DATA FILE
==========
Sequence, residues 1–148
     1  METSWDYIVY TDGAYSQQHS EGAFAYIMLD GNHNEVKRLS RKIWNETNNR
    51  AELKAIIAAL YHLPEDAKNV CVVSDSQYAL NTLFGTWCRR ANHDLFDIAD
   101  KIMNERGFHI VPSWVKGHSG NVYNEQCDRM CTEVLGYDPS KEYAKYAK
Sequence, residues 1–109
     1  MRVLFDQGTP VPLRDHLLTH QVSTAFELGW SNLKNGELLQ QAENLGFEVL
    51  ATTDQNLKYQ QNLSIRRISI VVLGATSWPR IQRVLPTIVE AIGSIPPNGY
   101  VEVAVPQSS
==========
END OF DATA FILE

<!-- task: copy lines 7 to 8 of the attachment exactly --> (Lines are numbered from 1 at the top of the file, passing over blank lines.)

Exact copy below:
    51  ATTDQNLKYQ QNLSIRRISI VVLGATSWPR IQRVLPTIVE AIGSIPPNGY
   101  VEVAVPQSS